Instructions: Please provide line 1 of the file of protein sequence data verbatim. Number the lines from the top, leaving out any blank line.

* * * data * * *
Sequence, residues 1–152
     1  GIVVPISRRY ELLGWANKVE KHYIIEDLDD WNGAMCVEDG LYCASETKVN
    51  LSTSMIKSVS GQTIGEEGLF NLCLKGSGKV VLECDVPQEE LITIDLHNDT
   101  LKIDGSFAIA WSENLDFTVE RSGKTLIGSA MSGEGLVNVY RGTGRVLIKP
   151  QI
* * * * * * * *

Sequence, residues 1–152